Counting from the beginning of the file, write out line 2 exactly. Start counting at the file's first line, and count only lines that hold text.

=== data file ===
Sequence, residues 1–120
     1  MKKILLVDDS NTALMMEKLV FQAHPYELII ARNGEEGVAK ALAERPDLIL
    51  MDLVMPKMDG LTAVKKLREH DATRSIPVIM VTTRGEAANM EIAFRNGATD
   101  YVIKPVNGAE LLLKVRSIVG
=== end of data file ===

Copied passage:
     1  MKKILLVDDS NTALMMEKLV FQAHPYELII ARNGEEGVAK ALAERPDLIL